Josh received a B.S. in Biology and a B.S. in Physics from American University in 2009. While an undergraduate he worked in the lab of Miguel Holmgren at the National Institutes of Health. As a PhD student and postdoctoral fellow in the lab of Ehud Isacoff at UC Berkeley, Josh developed and applied new optical approaches to study the activation mechanisms and neurophysiology of glutamate receptors and ion channels. He joined the department of biochemistry at Weill Cornell in September 2016.
Joon received B.S. and M.S. in Chemistry from Yonsei University, Korea in 2009 and 2011. He was awarded a scholarship from KT&G scholarship foundation during his master’s and studied dynamics of mechanical unfolding of single soluble protein molecules using a correlated force-fluorescence technique. He then came to UC San Diego for his Ph.D. in Materials Science and Engineering Program and studied structures and ion-transporting properties of amyloid beta peptides in model lipid membranes and also developed a novel force sensor using a nanofiber waveguide in the lab of Ratnesh Lal. During his PhD, he was awarded a scholarship from Frontiers of Innovation Scholar’s Program at UC San Diego in 2014-2015. After receiving his PhD in 2017, he worked in the lab of Peter Novick at Cellular and Molecular Medicine, UC San Diego as a short-term postdoc and studied dynamic structures of Uso1 protein involved in membrane trafficking. He joined the Levitz lab in 2018 and is focused on studying molecular structure and function of GPCRs using single molecule techniques.
Guoqing received a B.S. in Pharmacy from China Pharmaceutical University in 2013. As an undergraduate, he was introduced to Neuroscience while learning animal behavioral assays. He joined Virginia Commonwealth University for graduate study and worked on mechanism of an opioid - cannabinoid receptor heteromer in Dr. Diomedes Logothetis' lab. Guoqing joined the Levitz lab in 2019.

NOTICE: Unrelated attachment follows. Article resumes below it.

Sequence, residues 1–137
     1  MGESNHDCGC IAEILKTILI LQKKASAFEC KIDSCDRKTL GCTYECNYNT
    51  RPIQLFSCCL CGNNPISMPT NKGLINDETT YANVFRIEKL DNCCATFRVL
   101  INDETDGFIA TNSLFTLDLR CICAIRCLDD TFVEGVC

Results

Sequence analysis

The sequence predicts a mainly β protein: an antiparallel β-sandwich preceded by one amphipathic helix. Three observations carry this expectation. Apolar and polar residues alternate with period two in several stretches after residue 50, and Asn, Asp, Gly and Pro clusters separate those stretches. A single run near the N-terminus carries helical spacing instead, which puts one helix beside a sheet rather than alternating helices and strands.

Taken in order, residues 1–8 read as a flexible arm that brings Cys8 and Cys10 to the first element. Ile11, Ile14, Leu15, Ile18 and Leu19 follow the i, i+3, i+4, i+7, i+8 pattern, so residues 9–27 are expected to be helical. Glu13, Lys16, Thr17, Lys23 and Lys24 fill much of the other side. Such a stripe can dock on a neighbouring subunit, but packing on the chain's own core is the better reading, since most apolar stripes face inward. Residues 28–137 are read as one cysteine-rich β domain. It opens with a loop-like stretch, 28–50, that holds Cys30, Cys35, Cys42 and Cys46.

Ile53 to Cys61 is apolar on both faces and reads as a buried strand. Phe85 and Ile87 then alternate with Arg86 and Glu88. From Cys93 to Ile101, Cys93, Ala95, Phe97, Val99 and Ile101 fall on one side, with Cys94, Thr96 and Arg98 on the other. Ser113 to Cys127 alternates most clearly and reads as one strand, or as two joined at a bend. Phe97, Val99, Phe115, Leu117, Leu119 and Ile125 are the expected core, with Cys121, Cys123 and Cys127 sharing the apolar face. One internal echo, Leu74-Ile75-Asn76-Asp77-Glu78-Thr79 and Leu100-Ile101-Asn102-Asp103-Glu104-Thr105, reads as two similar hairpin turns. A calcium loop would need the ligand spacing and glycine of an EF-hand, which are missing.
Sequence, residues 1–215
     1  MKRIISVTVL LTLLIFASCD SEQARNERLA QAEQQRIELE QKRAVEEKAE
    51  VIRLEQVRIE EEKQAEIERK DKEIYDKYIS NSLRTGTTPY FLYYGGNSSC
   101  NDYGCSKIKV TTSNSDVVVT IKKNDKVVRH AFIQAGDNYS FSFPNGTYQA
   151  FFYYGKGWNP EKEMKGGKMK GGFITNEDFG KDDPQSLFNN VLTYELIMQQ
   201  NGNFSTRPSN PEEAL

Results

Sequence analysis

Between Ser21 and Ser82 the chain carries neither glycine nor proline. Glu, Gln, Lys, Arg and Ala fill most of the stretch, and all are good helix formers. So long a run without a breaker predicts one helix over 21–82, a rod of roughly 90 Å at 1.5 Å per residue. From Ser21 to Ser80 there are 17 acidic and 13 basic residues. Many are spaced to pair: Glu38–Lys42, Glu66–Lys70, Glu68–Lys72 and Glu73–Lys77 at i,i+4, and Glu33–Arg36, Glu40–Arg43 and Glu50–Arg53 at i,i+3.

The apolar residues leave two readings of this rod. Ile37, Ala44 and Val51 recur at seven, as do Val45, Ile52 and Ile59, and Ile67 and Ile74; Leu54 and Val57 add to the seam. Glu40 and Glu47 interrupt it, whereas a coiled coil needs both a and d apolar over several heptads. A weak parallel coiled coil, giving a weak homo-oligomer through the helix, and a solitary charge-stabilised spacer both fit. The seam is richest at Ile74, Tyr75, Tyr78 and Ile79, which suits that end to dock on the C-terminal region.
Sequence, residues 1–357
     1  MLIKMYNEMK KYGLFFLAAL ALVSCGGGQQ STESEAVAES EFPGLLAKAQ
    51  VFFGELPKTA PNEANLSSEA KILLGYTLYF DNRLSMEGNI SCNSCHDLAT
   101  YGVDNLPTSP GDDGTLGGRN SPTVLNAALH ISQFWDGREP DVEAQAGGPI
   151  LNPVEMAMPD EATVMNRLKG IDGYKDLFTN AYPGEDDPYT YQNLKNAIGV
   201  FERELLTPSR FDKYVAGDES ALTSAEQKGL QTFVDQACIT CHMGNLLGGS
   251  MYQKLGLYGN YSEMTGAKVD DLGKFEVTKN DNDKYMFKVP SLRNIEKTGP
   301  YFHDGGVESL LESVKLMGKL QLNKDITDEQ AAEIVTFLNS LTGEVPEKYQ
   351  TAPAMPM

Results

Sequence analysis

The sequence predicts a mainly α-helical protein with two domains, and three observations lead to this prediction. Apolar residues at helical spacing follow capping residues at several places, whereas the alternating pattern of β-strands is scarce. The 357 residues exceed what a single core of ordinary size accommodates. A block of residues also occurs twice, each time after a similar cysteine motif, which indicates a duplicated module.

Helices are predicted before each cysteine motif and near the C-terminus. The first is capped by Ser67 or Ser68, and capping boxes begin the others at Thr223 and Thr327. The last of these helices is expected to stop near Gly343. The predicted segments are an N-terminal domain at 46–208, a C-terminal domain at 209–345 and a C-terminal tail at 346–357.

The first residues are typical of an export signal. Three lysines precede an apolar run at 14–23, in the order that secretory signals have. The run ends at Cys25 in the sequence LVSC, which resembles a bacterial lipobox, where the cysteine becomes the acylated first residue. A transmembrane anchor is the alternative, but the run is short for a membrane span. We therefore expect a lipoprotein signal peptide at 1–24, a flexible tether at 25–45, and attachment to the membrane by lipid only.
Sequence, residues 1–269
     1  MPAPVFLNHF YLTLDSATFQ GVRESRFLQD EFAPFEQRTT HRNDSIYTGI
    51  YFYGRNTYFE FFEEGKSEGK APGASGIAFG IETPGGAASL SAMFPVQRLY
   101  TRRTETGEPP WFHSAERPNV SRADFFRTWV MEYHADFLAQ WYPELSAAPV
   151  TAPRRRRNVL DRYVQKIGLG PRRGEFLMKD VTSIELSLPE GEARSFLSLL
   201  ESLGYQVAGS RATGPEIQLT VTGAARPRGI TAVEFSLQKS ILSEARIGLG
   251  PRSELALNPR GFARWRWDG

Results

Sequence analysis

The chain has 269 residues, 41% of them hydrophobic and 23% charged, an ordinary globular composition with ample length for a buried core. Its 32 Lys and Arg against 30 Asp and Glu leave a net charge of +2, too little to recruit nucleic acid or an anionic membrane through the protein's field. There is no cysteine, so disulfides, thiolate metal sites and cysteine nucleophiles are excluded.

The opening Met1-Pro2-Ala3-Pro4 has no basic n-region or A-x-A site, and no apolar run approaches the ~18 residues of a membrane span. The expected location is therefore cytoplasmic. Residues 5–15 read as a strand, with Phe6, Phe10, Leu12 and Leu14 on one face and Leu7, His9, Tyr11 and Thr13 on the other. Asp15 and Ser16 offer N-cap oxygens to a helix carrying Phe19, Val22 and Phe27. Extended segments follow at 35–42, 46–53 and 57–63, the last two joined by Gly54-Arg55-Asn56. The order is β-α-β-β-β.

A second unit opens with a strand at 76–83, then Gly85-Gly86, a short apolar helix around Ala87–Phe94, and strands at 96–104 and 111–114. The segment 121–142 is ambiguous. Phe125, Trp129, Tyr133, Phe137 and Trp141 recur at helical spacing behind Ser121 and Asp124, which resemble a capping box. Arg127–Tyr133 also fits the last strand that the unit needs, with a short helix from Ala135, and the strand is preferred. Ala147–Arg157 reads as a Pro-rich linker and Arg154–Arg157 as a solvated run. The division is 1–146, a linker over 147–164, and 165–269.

Amanda Acosta Ruiz
After growing up in Puerto Rico, Amanda earned her B.A. from the University of Pennsylvania in Biology with a concentration in Neurobiology. She was an undergraduate researcher at Dr. Michael Marks’ lab studying the SNARE proteins involved in trafficking melanin in melanosomes. She then worked as a research technician in Dr. Matthew Lazzara’s lab at Penn for a year studying endocytosis in kidney cells. Amanda is currently a PhD student in the Biochemistry Department at Weill Cornell. Her interests focus on the cellular and molecular mechanisms of synaptic transmission and modulation. Beyond the bench, Amanda enjoys science policy and exploring the New York food scene.
Vanessa graduated from Emory University in 2015 with a B.S. in Neuroscience and Behavioral Biology. At Emory she conducted research in the lab of Dr. Kerry Ressler investigating the role of perineuronal nets in synaptic plasticity and fear memory. After graduating, Vanessa worked with Dr. Zoe Donaldson in the Dr. René Hen lab at Columbia University as a laboratory technician. There she studied the role of social buffering and SNP variants on fear and anxiety in animal models. Vanessa is currently a PhD student in the Neuroscience program and joined the lab in 2017, where she is interested in the circuit-based roles of mGluR-mediated synaptic modulation and plasticity in animal models of psychiatric disorders.
Jordana graduated magna cum laude from the University of Arkansas in May 2016 with a B.S. in Chemistry and a concentration in Biochemistry. As an undergraduate, she conducted research in the lab of Dr. Roger Koeppe II where her work centered on designing and creating arginine-containing transmembrane peptides and using solid-state deuterium NMR spectroscopy to study protein/lipid interactions and ionizable residue behavior. In August 2016, Jordana started her Ph.D. in the Physiology, Biophysics, and Systems Biology (PBSB) program at Weill Cornell. She was awarded a National Science Foundation Graduate Research Fellowship and is interested in studying structure-function relationships of GPCRs.
Nohely earned a B.A. in Neuroscience from Queens College in 2016. As an undergraduate she worked in the lab of Dr. Carolyn Pytte where she investigated the effects of black mold exposure on adult neurogenesis. She later worked as a Post-Baccalaureate Research Scholar in the lab of Dr. Erika Holzbaur at the University of Pennsylvania. There she studied the molecular mechanisms of vesicle capture at presynaptic sites. Nohely was awarded a National Science Foundation Graduate Research Fellowship and joined the Biochemistry, Cell and Molecular Biology (BCMB) Allied Program at Weill Cornell in 2017. She is interested in receptor trafficking and its role in neurotransmission.